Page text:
CO-Horts

CO-Horts

Monday, November 4, 2019

Where Do Bees Go in the Winter?


Posted by: Lisa Mason, Arapahoe County Extension

I have been asked a few times this season what happens to the bees in the winter. Bees and other insects have special adaptations, so their species survives from year to year. Here is a look at bee adaptations and life cycles in the winter time.

Honey Bees
Worker bees foraged all summer and into fall bringing in food reserves to last them the winter. When temperatures start to drop, honey bees huddle together to make a cluster and shiver their wings. Shivering provides warmth for the hive. Their main goal is to keep the queen warm so the colony can survive. The core temperature in the hive can be as high as approximately 91 degrees Fahrenheit. A healthy hive with adequate food storage is more likely to survive, which reinforces the importance of best beekeeping practices by the beekeeper all year. Read how to prep a hive for winter here.
A honey bee, Apis mellifera. Photo: Lisa Mason
Solitary Bees
Solitary bees live a one-year life cycle. During the life cycle, a female bee builds a nest underground or in a cavity. She will collect pollen and nectar to bring back to the nest. All the collected pollen and nectar is made into a ball called “bee bread” which will be all the food needed for one growing bee. The female lays an egg on the bee bread and seals up the nest. After the egg hatches, the larva will go through full metamorphosis from a larva, to a pupa, and on to an adult before emerging from the nest the following season. The lives ended for the female and male solitary bees we saw flying around this summer, but their brood is warm for the winter underground or in a cavity, and will emerge next summer.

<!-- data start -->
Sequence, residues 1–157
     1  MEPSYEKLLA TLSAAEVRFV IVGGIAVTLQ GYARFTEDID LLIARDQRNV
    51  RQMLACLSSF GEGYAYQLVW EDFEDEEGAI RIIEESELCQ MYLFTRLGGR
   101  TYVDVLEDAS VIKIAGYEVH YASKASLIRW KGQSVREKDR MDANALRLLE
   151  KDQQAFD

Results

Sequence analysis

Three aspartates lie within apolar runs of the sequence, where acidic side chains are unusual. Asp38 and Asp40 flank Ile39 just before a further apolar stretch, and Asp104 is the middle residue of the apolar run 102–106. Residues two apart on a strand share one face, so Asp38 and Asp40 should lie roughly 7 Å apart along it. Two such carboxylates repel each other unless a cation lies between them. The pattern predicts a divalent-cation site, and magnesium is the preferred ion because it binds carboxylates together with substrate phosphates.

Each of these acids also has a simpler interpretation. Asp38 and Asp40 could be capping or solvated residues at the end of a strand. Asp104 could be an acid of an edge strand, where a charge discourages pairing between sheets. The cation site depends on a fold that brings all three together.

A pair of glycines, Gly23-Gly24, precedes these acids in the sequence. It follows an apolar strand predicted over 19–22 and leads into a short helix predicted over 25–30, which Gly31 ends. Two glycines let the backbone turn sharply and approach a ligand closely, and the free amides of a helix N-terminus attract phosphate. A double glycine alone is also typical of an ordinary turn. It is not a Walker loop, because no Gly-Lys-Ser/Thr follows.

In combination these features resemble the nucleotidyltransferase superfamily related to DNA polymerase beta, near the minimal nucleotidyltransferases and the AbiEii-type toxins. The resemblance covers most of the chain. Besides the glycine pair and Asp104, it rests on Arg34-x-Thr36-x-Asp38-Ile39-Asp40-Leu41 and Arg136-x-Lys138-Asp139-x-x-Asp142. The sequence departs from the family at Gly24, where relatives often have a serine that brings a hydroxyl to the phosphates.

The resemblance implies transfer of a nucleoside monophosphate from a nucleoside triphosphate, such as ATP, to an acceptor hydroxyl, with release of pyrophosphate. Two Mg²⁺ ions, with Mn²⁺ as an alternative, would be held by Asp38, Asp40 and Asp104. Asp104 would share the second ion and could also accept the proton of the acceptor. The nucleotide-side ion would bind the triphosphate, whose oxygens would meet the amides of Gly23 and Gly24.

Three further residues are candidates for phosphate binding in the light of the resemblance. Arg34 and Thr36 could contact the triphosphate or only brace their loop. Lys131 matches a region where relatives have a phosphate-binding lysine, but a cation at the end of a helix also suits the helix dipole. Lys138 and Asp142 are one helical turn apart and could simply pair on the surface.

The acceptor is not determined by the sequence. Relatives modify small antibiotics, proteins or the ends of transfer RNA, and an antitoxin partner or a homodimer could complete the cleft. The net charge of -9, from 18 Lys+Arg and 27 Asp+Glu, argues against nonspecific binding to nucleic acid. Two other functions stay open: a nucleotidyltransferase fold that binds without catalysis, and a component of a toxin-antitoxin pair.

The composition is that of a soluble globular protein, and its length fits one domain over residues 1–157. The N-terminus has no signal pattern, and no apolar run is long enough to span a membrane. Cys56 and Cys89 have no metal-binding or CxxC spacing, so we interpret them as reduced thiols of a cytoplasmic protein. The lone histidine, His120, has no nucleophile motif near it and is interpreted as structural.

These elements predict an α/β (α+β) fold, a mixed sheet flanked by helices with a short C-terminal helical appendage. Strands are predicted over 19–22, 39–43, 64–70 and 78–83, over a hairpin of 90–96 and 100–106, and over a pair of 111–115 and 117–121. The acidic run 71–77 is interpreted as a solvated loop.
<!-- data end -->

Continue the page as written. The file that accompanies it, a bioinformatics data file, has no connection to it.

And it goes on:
An overview of the solitary bee life cycle. Graphic: Lisa Mason

A native bee emerging from her underground nest. Photo: MaLisa Spring
Bumble Bees
Bumble bees live underground or in large cavities and have a one-year life cycle, like a solitary bee. During the summer, new queens and male bees hatched. They left their colonies to mate. As temperatures dropped, the male bees and worker bees from the current season’s colony died. The new, mated queens found a place to rest and hibernate over the winter, usually underground. When spring arrives, she will emerge, begin to forage, build a new nest, and lay eggs. The eggs will mostly be female worker bees at the beginning of the season. The queen will continue to lay eggs throughout the season. In late summer, new queens and male bumble bees will hatch and leave the colony and the cycle repeats itself. Queen bumble bees are capable of living alone, unlike honey bee queens.
A bumble bee, Bombus sp. Photo: Lisa Mason
For more information on bee life cycles, you can read the Native Bee Watch Citizen Science Field Guide.

For more information on what happens to other insects in the winter, you can refer to this CO-Horts Blog post written by Jessica Wong.

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